“Plymouth has taught me the great value to be had in working in a group of like-minded people. It is at least as important to learn from your peers as to learn from your lecturers... I have rarely felt so much like I belonged in a place and with a group of people as I have done at Plymouth.”
Tell us about your career path since graduation.
After completing my foundation degree in Environmental Education at Bicton College, I went on to do the final year of the BA (Hons) Education Studies course. My year at Plymouth was great fun. The staff were extremely welcoming and helpful, making the transition from part time to full time study much easier.
I then decided to explore the possibility of further study and successfully secured a studentship to fund my PhD for three years. I’m happy to say that I have just completed my PhD in Education here at Plymouth and began teaching on the course from which I had recently graduated. I now have a full-time permanent contract doing just that, as well as working with postgraduates in various capacities.
How has your degree helped/influenced your career path?
During my PhD I worked on a project researching the cultures of schools that are trying to address the challenge of becoming more sustainable. I worked with three local schools, having completed a smaller ‘pilot’ version of my research last year. It’s great when what you do at university has an impact on your own outlook and helps others at the same time.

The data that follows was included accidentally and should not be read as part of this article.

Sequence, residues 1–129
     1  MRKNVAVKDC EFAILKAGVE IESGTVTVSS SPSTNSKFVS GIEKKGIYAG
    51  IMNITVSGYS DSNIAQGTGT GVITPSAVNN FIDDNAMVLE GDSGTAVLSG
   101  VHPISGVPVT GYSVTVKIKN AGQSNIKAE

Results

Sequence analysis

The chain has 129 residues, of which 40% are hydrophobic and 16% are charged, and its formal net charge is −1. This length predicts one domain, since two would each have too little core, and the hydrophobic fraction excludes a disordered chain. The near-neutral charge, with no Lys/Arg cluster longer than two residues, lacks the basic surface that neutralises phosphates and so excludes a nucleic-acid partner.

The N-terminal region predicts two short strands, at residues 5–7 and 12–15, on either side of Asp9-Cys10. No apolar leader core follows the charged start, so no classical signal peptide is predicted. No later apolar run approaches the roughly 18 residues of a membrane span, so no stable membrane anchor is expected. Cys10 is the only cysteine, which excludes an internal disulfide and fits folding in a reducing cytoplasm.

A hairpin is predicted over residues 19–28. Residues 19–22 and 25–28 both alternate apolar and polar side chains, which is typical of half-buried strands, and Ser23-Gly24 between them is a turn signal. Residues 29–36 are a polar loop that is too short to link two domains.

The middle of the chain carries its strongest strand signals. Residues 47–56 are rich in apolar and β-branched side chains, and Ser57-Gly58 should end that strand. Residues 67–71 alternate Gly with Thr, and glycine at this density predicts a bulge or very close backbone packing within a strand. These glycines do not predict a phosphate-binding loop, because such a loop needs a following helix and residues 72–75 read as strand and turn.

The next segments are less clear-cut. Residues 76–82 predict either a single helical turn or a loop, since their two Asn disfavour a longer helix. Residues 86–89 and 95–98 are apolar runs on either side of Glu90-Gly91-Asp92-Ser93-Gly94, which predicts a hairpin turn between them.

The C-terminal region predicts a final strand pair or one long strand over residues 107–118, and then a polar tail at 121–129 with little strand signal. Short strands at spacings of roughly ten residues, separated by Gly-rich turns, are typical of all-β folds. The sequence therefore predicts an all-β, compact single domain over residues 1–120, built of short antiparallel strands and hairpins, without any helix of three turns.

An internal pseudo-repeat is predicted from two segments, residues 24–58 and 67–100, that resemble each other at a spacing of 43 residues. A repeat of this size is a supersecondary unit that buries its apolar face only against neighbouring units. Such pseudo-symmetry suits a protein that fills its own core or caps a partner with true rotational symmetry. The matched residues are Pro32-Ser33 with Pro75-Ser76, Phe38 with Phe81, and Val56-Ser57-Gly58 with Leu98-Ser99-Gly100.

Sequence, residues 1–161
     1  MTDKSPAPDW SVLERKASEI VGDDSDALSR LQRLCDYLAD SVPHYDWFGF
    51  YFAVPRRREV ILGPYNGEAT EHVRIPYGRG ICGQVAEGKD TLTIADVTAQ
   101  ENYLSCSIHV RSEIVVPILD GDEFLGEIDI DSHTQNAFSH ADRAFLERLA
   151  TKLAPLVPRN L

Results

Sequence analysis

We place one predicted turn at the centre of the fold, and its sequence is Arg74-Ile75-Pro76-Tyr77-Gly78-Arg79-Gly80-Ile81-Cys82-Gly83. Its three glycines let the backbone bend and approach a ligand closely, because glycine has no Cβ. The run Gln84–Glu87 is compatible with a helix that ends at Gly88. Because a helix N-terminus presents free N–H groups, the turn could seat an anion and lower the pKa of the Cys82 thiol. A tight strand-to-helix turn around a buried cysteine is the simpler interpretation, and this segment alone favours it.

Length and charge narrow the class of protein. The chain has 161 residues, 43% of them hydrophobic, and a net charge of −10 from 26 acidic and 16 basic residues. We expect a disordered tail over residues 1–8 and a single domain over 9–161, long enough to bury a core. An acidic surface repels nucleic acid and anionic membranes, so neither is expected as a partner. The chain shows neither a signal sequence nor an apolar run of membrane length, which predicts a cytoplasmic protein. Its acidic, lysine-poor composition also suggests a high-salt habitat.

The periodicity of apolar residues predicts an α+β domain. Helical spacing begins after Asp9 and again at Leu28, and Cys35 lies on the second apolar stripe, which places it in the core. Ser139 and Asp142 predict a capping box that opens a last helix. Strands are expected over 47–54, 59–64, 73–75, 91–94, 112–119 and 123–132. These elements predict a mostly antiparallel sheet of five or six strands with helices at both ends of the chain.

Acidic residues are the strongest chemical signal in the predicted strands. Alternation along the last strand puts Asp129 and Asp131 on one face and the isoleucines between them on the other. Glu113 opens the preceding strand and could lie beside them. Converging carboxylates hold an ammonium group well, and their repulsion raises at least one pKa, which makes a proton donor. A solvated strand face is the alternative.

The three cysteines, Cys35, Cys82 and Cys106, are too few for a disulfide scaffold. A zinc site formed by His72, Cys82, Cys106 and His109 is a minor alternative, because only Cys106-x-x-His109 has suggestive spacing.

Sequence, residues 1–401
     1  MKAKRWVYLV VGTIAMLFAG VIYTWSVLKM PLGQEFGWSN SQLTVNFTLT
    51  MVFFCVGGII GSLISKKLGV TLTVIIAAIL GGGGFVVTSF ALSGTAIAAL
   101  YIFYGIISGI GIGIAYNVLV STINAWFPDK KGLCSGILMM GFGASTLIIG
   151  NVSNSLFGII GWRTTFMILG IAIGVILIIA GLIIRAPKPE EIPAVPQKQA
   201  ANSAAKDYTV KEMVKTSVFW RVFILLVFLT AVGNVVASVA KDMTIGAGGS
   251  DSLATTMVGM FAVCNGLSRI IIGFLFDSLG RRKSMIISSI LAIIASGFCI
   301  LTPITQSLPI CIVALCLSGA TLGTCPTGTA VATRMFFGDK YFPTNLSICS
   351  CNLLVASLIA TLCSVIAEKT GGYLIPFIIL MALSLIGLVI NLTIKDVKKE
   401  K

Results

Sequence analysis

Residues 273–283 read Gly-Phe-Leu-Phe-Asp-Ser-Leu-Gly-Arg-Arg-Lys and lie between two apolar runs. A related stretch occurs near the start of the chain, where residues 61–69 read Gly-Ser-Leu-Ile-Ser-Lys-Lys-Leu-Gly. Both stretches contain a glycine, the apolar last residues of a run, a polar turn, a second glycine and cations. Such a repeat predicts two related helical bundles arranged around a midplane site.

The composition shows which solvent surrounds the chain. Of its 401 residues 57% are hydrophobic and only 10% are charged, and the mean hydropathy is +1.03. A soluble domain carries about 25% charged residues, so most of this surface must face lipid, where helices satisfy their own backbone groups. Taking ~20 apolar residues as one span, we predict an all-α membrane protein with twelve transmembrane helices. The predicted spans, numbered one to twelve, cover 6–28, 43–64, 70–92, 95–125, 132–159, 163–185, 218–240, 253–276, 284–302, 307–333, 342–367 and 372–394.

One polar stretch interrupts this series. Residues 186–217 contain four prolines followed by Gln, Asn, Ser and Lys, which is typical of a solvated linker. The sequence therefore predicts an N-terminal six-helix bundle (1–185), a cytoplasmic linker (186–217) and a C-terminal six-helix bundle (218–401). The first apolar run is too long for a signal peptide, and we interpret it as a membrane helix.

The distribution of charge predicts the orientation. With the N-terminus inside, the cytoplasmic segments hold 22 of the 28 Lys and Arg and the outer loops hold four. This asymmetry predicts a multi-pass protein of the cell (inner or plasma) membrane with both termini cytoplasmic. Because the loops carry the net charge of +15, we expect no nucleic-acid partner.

What is the most difficult thing which you have faced in your career?
The most difficult thing I have faced was the decision to leave full-time work to come back to university – but it has paid off in spades!
What is the best, most exciting or fun thing that you have done in your career?
It is exciting working with people I considered to be semi-legendary in my field: Stephen Sterling and Alan Dyer, to name a couple.
Imagine you were about to start university again - with the benefit of hindsight - what would you now tell yourself to have done differently?
I wish that I had taken more time to enjoy university and everything that goes on while it was happening. I was pretty motivated this time around and worked hard to get a good degree.
What advice would you give to anyone wanting to get in to the same line of work?
Put yourself in the right place and take all the opportunities handed to you. Volunteer for anything and everything that might be useful. This shows how enthusiastic you are.
How did studying at Plymouth help you?
The course and the team that teach/taught on it are wonderful at Plymouth; I have rarely felt so much like I belonged in a place and with a group of people as I have done at Plymouth. The same goes for the students I have studied with and taught: they restore my faith in humanity if it ever needs it!
What lessons/skills did you gain from your course?
Plymouth has taught me the great value to be had in working in a group of like-minded people. It is at least as important to learn from your peers as to learn from your lecturers. The University has developed a good network to support all researchers in education, including undergraduates doing smaller research projects in their second or third years.
What is your favourite memory of studying at Plymouth?
My favourite memory has to be the celebrations which followed handing in our dissertations at the end of the final year: the weight off peoples’ shoulders was palpable, and we were all so proud of each other.
Would you recommend undertaking a course with Plymouth University, and why?
Absolutely! The place and the people are marvellous, and I am privileged to see the transformations my students go through every single time.